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2017 Padres Draft: By the Numbers

Without looking at names, let’s check out what kinds of players the Padres selected this year.

San Diego Padres v Milwaukee Brewers Photo by Dylan Buell/Getty Images

The 2017 MLB draft is complete. The Padres selected 40 players overall, and the next challenge is to sign them into the organization. Most will, some won’t, and it’ll be weeks until all of that shakes out. In the meantime, I thought I’d take a look at the types of players drafted, simply by breaking them out by the numbers. With the hugely successful 2016 draft plus the incredible haul from the 2016-2017 international signing period, this system is bound to be bottom-loaded for years to come. They’re building this organization for sustained success rather than aiming for a specific window. The Royals are watching their bubble burst, while the Padres want to see prolonged success like the Cardinals and Giants have been able to maintain. With that in mind, here are a couple of breakdowns of the players the Padres selected:

By Position

A.J. Preller and scouting director Mark Conner seem to heavily favor high-ceiling kids with loud tools at premium positions. That means pitchers, catchers, shortstops, and centerfielders, because that’s where the most athletically and mentally gifted kids tend to play. The organization signed a ton of kids “up the middle” in the international signing bonanza, and it seems evident that Preller favors the athleticism and creativity of Latin players when it comes to shortstops. With the state of pitcher development across the country today, we’re seeing more arms with dazzling stuff than ever before, and the theories on how to maintain those arms should be proven with this generation of pitchers. The Padres took a whole lot of arms this year, using half of their draft selections on pitchers. Perhaps they saw more talented pitchers than position players, perhaps they’re preparing for the inevitable attrition of young arms, because afterall, TINSTAAPP.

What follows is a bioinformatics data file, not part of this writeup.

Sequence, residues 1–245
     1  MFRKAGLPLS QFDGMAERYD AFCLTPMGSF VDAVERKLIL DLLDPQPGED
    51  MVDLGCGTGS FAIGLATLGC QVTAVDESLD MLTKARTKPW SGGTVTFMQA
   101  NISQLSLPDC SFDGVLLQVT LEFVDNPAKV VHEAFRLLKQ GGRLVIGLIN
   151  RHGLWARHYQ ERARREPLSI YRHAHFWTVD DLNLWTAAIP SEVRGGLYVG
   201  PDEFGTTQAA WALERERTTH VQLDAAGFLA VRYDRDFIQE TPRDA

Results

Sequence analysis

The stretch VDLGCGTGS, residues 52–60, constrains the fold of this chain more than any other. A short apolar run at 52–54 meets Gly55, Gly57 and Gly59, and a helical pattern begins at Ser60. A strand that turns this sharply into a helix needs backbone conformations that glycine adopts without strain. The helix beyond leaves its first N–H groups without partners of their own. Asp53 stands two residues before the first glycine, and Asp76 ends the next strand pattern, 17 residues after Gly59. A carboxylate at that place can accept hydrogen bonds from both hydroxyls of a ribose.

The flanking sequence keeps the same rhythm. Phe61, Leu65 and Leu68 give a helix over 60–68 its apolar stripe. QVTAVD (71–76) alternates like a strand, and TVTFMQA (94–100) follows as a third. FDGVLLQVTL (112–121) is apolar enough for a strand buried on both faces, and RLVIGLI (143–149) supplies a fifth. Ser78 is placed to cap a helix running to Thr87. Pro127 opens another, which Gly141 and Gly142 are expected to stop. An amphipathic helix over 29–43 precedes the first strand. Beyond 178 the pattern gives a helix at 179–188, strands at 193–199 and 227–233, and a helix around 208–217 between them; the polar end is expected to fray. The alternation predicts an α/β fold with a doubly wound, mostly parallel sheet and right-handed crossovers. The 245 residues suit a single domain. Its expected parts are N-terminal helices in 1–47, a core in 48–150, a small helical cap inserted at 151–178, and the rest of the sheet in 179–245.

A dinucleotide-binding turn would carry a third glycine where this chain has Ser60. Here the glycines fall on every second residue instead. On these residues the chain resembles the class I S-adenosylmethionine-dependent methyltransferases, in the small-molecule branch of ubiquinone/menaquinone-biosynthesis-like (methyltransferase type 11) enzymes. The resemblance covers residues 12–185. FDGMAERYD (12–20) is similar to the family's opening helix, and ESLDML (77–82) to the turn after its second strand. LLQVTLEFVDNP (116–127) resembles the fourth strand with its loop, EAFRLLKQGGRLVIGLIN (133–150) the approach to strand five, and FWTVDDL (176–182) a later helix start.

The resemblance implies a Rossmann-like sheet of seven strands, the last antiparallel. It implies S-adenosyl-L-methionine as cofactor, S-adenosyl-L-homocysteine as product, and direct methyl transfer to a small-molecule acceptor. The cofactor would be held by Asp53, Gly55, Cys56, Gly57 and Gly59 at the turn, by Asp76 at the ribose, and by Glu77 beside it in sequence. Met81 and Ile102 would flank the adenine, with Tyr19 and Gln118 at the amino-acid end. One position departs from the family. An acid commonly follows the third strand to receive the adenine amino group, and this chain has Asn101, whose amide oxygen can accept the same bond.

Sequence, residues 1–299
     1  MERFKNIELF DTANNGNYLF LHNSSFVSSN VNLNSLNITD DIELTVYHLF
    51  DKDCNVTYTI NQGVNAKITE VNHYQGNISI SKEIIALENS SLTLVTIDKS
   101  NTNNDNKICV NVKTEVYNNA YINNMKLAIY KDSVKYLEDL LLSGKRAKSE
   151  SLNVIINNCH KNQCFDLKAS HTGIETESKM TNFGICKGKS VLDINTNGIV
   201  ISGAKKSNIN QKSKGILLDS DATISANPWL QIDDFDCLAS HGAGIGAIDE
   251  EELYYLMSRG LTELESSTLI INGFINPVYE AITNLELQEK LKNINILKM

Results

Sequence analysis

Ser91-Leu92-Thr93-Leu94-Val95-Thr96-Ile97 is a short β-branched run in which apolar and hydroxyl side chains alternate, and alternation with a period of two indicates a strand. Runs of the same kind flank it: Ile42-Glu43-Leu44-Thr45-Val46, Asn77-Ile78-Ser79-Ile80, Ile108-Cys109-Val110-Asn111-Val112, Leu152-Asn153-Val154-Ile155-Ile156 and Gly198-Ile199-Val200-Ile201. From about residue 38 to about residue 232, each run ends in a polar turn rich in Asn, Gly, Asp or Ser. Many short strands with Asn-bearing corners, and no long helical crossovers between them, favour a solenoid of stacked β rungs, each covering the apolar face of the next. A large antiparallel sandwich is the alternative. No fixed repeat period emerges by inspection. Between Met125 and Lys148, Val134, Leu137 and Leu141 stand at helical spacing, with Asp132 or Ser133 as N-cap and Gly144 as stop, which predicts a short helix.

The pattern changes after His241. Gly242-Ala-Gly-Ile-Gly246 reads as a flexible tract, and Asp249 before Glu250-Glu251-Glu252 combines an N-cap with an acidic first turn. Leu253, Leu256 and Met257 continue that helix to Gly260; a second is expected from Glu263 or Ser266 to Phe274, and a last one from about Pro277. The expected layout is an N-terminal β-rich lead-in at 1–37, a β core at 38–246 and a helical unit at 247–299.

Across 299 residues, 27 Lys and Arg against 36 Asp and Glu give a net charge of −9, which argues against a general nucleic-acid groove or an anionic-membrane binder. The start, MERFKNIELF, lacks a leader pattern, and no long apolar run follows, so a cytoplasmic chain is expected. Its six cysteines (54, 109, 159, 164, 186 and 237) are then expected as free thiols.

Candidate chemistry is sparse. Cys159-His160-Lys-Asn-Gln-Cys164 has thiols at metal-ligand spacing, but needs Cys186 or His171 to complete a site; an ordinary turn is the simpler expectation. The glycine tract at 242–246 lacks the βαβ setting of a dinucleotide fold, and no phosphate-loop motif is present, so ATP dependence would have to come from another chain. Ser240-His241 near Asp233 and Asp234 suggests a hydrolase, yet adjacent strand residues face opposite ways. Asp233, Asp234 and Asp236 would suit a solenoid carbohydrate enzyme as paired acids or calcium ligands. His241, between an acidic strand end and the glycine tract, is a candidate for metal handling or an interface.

It’s natural to take a look up and down the current rosters in the organization and try to see where this mass of kids will fit and how they’ll cover current needs. DON’T DO THAT. Most teams draft based on talent and future value alone, and the Padres draft team may be the most extreme case of this. I only saw one trend that matched up with any organizational need, and outside of that, they were looking for the best available talent with the highest projectable ceiling they could find, and character plays a significant part in their selections. With that in mind, here are the quantities of players selected at each position:

  • 12 Right-handed Pitchers: Righties are more common than lefties both on sandlots and in professional baseball.
  • 8 Left-handed Pitchers: Six were selected in the first 16 rounds, including first round selection MacKenzie Gore. Six righties were also selected in the first 16 rounds.
  • 7 Centerfielders: Often the best athletes on the field are centerfielders, and it’s likely that most of these kids will move off the position as they develop. Four of the seven are lefthanded hitters, and one is a switch hitter.
  • 5 Catchers: There was a focus on defense-first backstops, and there’s a relative dearth of them in the current system behind Hedges & Torrens. The young arms in the lower minors will need some quality backstops to work with for proper development, and now we should have that covered.
  • 3 First Basemen: Kids drafted as first basemen are often big left-handed sluggers. That’s not the case by the numbers this year, as none of these kids are taller than 6’2” and they all field right-handed. One hits lefty, the other two are righties.
  • 2 Shortstops: Kinda surprising that only two players were selected at this premium position, but Preller signed a bunch of kids up the middle in the international amateur market the last two years.
  • 2 Third Basemen: Like the first basemen, kids drafted as 3B tend to have more of a power profile, but again the kids taken here are both 6’0” and don’t have the size of a typical slugger. Both kids are athletic fielders who have seen time at shortstop.
  • 1 Leftfielder: Again, kids drafted as corner outfielders are typically big sluggers, but Tyler Benson is a 5’11”, 180lb, 21yo who seems like an athletic, well-rounded player.
  • 0 Second basemen and Righfielders. Again, kids drafted as shortstops often become second basemen, and corner infielders often wind up in corner outfield spots.